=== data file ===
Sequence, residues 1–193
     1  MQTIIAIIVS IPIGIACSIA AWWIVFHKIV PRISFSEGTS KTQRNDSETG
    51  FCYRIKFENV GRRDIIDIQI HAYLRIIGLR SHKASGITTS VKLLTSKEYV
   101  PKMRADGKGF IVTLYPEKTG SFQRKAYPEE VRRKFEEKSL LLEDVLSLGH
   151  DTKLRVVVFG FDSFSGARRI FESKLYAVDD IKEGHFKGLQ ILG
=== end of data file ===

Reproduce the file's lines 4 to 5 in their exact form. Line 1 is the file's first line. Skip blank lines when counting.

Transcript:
   101  PKMRADGKGF IVTLYPEKTG SFQRKAYPEE VRRKFEEKSL LLEDVLSLGH
   151  DTKLRVVVFG FDSFSGARRI FESKLYAVDD IKEGHFKGLQ ILG